isn't on par yet with GNU/Linux in terms of kernel functionality and hardware support, the developers do have plans for the future and a surprising number of user-space packages are now building on a GNU/Hurd platform.
The current state of GNU/Hurd when it comes to hardware support is that the kernel is i686 capable, there is a ported Linux 2.6.32 drivers layer for network adapters, basic support for IDE / SCSI / PCMCIA / Xorg, and Xen PV DomU support. Among the major lacking features though is no support at all right now for USB, sound, and Serial ATA drives.
When it comes to software support that's compatible with Richard Stallman's kernel, it's considered "quite stable", the OS can run for quite a while before needing any reboots (there are some memory leaks remaining), about 78% of the Debian archive builds out of the tree, there is a Debian GNU/Hurd installation CD, there will be unofficial Debian "Wheezy" CDs with the Hurd kernel, and there is a Nix-based distribution that uses the Hurd kernel.
The KVM / Xen support is deemed as "not satisfactory, even if good support" and the DDE layer for device drivers will continue to leverage Linux drivers but still needs to be maintained and more code needs to be ported from the Linux kernel.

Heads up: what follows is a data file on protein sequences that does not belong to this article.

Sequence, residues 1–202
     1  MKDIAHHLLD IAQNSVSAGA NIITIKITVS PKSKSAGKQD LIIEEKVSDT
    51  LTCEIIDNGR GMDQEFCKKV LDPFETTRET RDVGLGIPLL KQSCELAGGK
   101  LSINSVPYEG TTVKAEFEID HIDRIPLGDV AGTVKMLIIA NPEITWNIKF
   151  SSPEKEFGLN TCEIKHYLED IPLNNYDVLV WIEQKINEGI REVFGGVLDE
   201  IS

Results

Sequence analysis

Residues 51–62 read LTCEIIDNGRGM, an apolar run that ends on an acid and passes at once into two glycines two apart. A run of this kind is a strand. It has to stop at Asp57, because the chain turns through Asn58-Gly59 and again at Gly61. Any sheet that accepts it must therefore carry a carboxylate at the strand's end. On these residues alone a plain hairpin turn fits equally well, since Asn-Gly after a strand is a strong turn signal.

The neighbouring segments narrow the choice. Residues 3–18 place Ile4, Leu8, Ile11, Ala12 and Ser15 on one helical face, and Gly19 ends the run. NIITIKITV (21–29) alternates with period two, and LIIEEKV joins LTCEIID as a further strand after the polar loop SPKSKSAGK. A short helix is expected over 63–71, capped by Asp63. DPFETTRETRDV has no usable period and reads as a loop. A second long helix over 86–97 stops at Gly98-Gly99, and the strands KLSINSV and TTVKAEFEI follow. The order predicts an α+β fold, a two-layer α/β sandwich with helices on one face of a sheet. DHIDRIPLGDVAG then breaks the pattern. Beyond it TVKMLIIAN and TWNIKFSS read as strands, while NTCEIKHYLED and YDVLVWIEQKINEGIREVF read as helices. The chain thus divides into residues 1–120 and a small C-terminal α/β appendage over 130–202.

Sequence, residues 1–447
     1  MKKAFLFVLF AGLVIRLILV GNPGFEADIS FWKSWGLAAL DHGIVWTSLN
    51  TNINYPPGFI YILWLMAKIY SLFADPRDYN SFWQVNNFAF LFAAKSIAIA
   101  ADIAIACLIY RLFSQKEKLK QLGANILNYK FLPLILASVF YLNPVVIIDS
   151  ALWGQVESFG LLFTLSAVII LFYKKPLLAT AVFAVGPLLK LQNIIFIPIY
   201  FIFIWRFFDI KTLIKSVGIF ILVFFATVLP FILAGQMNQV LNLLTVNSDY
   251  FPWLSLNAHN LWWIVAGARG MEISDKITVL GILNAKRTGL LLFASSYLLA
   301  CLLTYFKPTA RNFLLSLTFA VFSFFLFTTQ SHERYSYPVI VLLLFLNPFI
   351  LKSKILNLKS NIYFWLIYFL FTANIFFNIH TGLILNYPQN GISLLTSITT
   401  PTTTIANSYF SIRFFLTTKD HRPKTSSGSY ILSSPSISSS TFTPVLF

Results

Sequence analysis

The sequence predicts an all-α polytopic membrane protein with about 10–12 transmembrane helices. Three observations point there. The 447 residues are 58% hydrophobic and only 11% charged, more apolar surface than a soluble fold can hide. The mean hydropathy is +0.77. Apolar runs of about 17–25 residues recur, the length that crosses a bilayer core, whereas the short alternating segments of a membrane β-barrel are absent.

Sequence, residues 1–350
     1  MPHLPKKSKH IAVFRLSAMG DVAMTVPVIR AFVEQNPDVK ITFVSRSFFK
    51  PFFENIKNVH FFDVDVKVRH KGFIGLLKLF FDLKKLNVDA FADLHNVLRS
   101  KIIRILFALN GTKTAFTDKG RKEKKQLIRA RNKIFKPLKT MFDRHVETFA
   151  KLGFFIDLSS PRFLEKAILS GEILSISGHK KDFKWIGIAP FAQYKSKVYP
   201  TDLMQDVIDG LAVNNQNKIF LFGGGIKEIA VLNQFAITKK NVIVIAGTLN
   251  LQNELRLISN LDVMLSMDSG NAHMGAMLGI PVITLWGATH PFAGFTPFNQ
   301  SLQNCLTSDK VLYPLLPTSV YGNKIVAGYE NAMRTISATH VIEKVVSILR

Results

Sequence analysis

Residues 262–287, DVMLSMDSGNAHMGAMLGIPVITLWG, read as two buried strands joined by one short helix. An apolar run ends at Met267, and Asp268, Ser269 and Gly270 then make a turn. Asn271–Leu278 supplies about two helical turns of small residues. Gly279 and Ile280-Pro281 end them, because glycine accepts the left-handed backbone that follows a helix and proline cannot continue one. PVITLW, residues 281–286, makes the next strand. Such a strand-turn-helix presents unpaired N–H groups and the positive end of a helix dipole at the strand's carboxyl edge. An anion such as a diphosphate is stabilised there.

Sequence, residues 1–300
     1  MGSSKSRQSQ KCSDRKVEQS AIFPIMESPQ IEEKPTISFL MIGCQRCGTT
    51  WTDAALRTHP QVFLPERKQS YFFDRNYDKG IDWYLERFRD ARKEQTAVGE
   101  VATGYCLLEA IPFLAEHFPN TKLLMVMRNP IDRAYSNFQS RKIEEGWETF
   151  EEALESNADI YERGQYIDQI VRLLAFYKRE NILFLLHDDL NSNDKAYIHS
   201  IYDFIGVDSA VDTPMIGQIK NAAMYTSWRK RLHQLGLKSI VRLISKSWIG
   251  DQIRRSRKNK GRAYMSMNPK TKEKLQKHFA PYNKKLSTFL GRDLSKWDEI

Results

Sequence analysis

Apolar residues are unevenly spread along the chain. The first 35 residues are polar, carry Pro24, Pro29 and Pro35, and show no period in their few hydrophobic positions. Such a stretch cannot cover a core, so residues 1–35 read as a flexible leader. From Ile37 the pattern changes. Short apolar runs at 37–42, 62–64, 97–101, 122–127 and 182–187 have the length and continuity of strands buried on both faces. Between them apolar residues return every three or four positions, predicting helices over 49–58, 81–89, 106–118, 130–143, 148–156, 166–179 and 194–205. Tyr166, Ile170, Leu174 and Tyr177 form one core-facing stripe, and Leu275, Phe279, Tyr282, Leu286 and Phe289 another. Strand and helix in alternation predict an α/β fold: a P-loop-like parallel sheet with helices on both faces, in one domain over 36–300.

Future work being planned by Hurd developers includes doing the actual Debian GNU/Hurd Wheezy release, providing Xen PVH support, write a Serial ATA (SATA) driver, x86_64/64-bit support, language bindings support for translators, read-ahead capabilities, HDD/Sound/USB support, and a possible official Debian GNU/Hurd release in time for the "Jessie" release that will succeed Wheezy.
The status update and bits of future plans for the Hurd micro-kernel were shared last weekend at FOSDEM 2013
in a presentation by Samuel Thibault. Slides for the presentation with more information about Hurd can be found here
(PDF). For more details on the Hurd version of Debian, read Test Driving GNU Hurd, With Benchmarks Against Linux